Page:The Works of Lord Byron (ed. Coleridge, Prothero) - Volume 2.djvu/485

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CANTO IV.]
441
CHILDE HAROLD’S PILGRIMAGE.

Christ's mighty shrine above His martyr's tomb![1]
I have beheld the Ephesian's miracle—[2]
Its columns strew the wilderness, and dwell

The hyæna and the jackal in their shade;[3]
  1. Lo Christ's great dome——.—[MS. M.]
  2. [The ruins which Byron and Hobhouse explored, March 25, 1810 (Travels in Albania, ii. 68-71), were not the ruins of the second Temple of Artemis, the sixth wonder of the world (vide Philo Byzantius, De Septem Orbis Miraculis), but, probably, those of "the great gymnasium near the port of the city." In 1810, and for long afterwards, the remains of the temple were buried under twenty feet of earth, and it was not till 1870 that the late Mr. J. T. Wood, the agent of the Trustees of the British Museum, had so far completed his excavations as to discover the foundations of the building on the exact spot which had been pointed out by Guhl in 1843. Fragments of the famous sculptured columns, thirty-six in number, says Pliny (Hist. Nat., xxxvi. 95), were also brought to light, and are now in the British Museum. (See Modern Discoveries on the Site of Ancient Ephesus, by J. T. Wood, 1890; Hist. of Greek Sculpture, by A. S. Murray, ii. 304.)]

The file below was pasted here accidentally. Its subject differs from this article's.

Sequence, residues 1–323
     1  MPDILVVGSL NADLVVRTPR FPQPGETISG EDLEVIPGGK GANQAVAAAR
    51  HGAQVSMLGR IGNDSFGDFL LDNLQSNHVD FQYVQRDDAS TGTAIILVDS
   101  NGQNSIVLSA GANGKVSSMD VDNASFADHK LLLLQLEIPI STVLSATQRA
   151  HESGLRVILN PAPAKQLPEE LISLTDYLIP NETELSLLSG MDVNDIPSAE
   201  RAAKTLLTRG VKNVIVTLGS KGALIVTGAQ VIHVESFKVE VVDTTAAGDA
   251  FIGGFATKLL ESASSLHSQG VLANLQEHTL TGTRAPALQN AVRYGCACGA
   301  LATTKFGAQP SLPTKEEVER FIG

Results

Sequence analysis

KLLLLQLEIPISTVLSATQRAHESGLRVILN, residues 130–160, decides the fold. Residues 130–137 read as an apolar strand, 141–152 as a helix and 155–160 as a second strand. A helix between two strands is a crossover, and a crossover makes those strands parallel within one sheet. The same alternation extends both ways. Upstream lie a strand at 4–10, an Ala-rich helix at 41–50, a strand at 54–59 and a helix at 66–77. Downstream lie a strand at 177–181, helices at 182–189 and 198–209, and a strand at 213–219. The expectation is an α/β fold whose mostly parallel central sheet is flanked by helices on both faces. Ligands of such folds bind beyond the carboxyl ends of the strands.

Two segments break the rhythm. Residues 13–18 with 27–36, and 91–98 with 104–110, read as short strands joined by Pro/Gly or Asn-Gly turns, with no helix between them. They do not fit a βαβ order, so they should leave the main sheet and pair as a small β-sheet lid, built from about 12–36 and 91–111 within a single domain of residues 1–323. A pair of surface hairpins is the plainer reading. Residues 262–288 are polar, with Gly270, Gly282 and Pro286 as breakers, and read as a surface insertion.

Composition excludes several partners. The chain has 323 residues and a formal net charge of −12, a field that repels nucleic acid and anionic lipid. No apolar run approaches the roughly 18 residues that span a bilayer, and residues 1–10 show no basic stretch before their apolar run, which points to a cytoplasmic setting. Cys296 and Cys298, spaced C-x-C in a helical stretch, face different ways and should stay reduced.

3. [Compare Don Juan, Canto IX. stanza xxvii. line 2—

    "I have heard them in the Ephesian ruins howl."]